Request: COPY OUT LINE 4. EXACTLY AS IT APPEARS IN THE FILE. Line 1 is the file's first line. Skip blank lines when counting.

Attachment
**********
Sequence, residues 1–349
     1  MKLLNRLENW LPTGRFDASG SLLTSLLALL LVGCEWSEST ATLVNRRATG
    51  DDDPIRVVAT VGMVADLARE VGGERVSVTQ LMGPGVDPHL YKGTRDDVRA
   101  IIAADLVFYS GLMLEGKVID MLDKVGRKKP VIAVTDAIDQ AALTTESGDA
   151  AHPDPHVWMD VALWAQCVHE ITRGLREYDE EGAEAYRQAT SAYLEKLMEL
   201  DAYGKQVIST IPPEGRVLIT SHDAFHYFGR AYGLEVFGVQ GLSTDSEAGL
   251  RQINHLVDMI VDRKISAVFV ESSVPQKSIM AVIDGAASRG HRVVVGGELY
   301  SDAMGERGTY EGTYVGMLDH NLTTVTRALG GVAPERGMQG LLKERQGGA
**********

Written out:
   101  IIAADLVFYS GLMLEGKVID MLDKVGRKKP VIAVTDAIDQ AALTTESGDA